Tuesday, 9 October 2012

September in a page

Now the whole world knows. (If they happen to be passing.)

                On an early September walk along the beach, in improved weather, I espied a pile of building rubble and, when I checked it out, found a great big slate roof tile that was practically begging to be ‘recycled’. It took me a while to lug the thing home. It made scrambling up the shingle onto the dunes particularly hazardous. After chipping all the flakey bits off it, Gail painted the house name on it and then coated it with waterproof PVA to seal it. While she was busy with that, I made a staked frame for it to stand on. It was a pile of crap, I admit. It didn’t even stand up to being whacked into the ground with a mallet so I very much doubt that it will survive the Orcadian elements for very long. For the time being, however, it looks pretty neat, even if we do say so ourselves and at least visitors will be spared having to phone up for directions having driven straight past. That is unless it rains, apparently. It doesn’t look as if the PVA is properly waterproof. When we arrived home during a ‘peedie’ storm the other day, it had turned to foam and rendered Gail’s artistic lettering, in careful ‘papyrus’ style font, completely illegible. If it wasn’t for the horsebox, I’d have missed the gate and driven past. Maybe not.  
"To get to the lighthouse, you have to get past us first."
                Gail and I finally went on one of the walks organised and hosted by the islands ranger, Rod. It was to Start Point lighthouse. I’d been there before, on my own, but this time we were going to get inside. We still had to scramble across the rocks to the island and then yomp another half a mile the other side through quite heavy ground. It was knackering just getting there. There was not much left in the tank for climbing all those steps. In addition, the fact that they wound round and around made Gail very queasy. The ladder to the light itself was a journey too far for her. Our guide explained the operation and history of the lighthouse before letting the rest of us climb another short ladder to the balcony. Stonking views were denied only by misty weather, but I took pictures anyway in the hope that something could be discerned from the fuzzy images. The light itself was powered by gas for many years and given the difficulty we’d had getting ourselves here, it was hard to imagine the nightmare of carrying over a hundred cylinders to such a remote place. More about Start Point at http://www.nlb.org.uk/LighthouseLibrary/Lighthouse/Start-Point/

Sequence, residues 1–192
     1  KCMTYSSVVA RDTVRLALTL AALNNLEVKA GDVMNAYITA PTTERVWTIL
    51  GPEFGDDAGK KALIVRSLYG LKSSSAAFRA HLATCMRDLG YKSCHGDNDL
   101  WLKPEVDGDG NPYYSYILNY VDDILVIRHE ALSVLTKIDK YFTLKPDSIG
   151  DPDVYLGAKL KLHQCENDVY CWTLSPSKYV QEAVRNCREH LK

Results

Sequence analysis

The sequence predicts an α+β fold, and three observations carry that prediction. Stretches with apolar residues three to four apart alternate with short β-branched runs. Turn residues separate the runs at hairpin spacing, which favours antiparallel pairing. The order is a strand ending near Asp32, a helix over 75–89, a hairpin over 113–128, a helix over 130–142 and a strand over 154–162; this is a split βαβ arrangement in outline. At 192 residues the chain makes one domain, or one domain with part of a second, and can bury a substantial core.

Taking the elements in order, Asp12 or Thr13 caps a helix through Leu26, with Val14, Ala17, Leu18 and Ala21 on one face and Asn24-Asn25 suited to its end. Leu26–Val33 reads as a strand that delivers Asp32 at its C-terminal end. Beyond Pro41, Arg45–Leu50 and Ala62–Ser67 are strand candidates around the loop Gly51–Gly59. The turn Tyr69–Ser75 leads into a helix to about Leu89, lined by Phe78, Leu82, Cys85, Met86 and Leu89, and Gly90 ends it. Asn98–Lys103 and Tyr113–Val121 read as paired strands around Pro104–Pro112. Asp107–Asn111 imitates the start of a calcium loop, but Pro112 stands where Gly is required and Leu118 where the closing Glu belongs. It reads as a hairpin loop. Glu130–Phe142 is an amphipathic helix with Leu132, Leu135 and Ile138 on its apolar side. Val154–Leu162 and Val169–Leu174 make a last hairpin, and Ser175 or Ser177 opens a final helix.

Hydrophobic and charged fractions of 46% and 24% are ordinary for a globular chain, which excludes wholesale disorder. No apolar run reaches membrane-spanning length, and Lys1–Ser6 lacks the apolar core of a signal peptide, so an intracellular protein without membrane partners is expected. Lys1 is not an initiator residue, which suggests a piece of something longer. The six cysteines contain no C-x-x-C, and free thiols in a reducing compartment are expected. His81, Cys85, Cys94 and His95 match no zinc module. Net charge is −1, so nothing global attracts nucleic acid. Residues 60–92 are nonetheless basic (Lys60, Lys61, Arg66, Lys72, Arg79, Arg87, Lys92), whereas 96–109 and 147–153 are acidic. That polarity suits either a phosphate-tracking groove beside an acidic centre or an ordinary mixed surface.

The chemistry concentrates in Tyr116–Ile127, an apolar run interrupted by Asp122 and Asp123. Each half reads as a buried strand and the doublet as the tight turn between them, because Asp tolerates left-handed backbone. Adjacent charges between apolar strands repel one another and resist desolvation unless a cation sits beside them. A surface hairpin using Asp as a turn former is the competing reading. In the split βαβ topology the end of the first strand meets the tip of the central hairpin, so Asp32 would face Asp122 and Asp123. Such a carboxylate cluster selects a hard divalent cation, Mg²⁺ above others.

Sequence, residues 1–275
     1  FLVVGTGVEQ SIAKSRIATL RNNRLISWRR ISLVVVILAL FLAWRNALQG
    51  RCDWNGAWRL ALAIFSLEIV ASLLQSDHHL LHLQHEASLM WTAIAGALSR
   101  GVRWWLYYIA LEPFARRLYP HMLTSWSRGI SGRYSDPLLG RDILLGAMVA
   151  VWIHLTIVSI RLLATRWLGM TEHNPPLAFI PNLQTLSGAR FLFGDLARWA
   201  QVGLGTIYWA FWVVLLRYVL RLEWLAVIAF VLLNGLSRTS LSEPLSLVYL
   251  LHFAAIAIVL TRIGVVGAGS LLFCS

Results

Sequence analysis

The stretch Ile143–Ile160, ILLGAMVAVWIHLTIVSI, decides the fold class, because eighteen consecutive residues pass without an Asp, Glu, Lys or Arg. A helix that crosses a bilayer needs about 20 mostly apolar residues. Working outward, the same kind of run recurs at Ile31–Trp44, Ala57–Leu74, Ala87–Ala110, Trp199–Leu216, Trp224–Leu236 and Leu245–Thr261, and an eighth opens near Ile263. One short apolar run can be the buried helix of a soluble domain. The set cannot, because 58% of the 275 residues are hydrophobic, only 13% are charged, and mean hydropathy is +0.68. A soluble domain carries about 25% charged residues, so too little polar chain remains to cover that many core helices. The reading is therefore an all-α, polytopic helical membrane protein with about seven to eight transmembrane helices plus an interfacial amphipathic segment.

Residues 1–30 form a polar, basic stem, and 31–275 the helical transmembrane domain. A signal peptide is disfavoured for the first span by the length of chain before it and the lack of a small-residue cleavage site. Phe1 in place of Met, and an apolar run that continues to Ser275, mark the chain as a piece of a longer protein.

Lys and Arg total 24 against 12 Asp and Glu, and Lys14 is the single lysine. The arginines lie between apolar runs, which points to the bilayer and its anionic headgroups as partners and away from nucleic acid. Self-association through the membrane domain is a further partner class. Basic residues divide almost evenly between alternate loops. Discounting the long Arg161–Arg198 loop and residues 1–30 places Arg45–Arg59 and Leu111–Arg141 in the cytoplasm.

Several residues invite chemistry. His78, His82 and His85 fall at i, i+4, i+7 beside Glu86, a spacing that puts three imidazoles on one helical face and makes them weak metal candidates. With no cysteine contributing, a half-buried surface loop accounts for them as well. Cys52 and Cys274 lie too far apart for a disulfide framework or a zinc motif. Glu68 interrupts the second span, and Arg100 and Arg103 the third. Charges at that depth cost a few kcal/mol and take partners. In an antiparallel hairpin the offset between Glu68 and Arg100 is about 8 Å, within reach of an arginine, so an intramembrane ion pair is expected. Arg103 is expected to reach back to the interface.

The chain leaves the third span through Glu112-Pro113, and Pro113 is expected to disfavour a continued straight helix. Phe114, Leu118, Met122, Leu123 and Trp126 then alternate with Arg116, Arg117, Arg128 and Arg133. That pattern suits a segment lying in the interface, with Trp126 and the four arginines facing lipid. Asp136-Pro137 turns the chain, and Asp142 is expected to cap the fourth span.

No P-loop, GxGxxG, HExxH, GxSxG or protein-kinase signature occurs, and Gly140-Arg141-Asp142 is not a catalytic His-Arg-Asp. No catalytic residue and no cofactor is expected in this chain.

Gawping out of our windows remains a primary occupation.
I can see you, you little bugger!
Leo waiting for his dinner to arrive.

A racoon bird. Really?
               I took a bike ride up to Scuthvie, where the tarmac ends, in the North-East corner of the island. Eventually, I want to try cycling from one end to the other so I wanted to see just how far it was from my gate. Mapometer says it’s three miles. Adding the twelve to Loth Pier, it’s not a journey I intend to try any time soon! (http://www.mapometer.com/cycling/route_2379071.html). On the way back, I detoured around the North Loch. Hundreds of geese and swans were happily floating around on the water, occasionally taking noisily to the air, circling around and landing again. It’s a full life for a fowl. This ‘road’ led me to the edge of the bay on the opposite side of the island to the Bay of Lopness. It’s called Bay of Sandquoy, but it is part of a larger stretch of coastline called Otters Wick, which is a clue to what beasts frequent the area. And it didn’t disappoint. Just off the rocks, an otter was swimming along, parallel to the shore line, diving and breaching frequently. My first sighting.